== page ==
|Five strategies for efficiency in tax investing
After factoring in federal income and capital gains taxes, the alternative minimum tax, and potential state and local taxes, your investments' returns in any given year may be reduced by 40% or more.
Here are five ways to potentially lower your tax bill.
Invest in tax-deferred and tax-free accounts
Tax-deferred accounts include employer-sponsored retirement accounts such as traditional 401(k)s and 403(b) plans, individual retirement accounts (IRAs) and annuities. In some cases, contributions may be made on a pretax basis or may be tax deductible. More importantly, investment earnings compound tax deferred until withdrawal, typically in retirement, when you may be in a lower tax bracket. Contributions to nonqualified annuities, Roth IRAs and Roth-style employer-sponsored savings plans are not deductible. Earnings that accumulate in Roth accounts can be withdrawn tax free if you have had the account for at least five years and meet the requirements for a qualified distribution.
Withdrawals prior to age 59½ from a qualified retirement plan, IRA, Roth IRA or annuity may be subject to a 10 percent federal penalty.
In addition, early withdrawals from annuities may be subject to additional penalties charged by the issuing insurance company.
Consider government and municipal bonds
Interest on U.S. government issues is subject to federal taxes but is exempt from state taxes. Municipal bond income is generally exempt from federal taxes, and municipal bonds issued in-state may be free of state and local taxes as well. Sold prior to maturity, government and municipal bonds are subject to market fluctuations and may be worth less than the original cost upon redemption.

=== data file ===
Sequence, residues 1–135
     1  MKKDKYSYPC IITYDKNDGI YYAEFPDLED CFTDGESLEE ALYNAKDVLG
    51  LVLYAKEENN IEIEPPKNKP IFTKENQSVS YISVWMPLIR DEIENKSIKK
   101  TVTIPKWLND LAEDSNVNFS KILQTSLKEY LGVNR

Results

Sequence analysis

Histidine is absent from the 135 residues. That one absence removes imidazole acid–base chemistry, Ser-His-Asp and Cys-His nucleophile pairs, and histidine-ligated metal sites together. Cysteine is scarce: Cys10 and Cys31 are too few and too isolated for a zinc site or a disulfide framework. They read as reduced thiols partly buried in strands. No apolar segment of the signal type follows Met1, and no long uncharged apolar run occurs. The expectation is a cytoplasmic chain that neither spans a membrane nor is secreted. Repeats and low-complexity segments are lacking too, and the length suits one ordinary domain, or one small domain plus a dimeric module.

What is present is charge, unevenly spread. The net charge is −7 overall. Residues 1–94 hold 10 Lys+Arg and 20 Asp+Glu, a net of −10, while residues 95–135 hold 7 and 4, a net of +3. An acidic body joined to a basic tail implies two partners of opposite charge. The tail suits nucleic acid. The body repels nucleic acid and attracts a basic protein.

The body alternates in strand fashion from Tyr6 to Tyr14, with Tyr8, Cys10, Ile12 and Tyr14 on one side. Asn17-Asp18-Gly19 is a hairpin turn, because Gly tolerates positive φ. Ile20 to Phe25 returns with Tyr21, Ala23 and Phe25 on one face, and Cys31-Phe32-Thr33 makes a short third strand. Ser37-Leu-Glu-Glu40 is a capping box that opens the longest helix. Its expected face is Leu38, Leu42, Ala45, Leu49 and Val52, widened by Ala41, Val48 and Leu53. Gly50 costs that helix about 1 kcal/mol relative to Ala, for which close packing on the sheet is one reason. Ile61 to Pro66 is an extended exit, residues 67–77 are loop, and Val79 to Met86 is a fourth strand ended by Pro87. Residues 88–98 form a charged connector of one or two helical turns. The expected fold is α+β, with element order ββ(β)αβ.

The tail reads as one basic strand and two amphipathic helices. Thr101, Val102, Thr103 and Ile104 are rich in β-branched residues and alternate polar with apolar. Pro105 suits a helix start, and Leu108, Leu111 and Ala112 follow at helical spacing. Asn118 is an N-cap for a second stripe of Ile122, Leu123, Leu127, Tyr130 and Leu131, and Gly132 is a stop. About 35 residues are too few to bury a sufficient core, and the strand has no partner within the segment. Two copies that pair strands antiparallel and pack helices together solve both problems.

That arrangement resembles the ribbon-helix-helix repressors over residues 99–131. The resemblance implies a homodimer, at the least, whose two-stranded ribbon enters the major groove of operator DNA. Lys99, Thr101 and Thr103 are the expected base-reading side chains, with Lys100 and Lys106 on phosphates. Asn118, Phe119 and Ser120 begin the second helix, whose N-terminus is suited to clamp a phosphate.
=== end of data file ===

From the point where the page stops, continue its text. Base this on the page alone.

Look for tax-efficient investment opportunities
Tax-managed or tax-efficient investment accounts are managed in ways that can help reduce their taxable distributions. Investment managers can potentially minimize portfolio turnover, invest in stocks that do not pay dividends and selectively sell stocks at a loss to counterbalance taxable gains elsewhere in the portfolio.
Put losses to work
You may be able to use losses within your investment portfolio to help offset realized gains. If your losses exceed your gains, you can offset up to $3,000 per year of the difference against ordinary income. Any remainder can be carried forward to offset capital gains or income in future years.
Keep good records
Maintain records of purchases, sales, distributions, and dividend reinvestments so that you can properly calculate how much you paid for the shares you own and choose the most preferential tax treatment for shares you sell. Keeping an eye on how taxes can affect your investments is one of the easiest ways you can enhance your returns over time.
Government bonds and Treasury bills are guaranteed by the U.S. government as to the timely payment of principal and interest and, if held to maturity, offer a fixed rate of return and fixed principal value.
Municipal bonds are subject to availability and change in price. They are subject to market and interest rate risk if sold prior to maturity. Bond values will decline as interest rates rise. Interest income may be subject to the alternative minimum tax. Municipal bonds are federally tax-free but other state and local taxes may apply.
This information is general in nature and is not meant as tax advice. Always consult a qualified tax advisor for information as to how taxes may affect your particular situation.
This article was provided by Ken Weise, an LPL Financial Advisor. He can be reached at (707) 584-6690. Securities offered through LPL Financial. Member FINRA/SIPC. The opinions of this material are for information purposes only.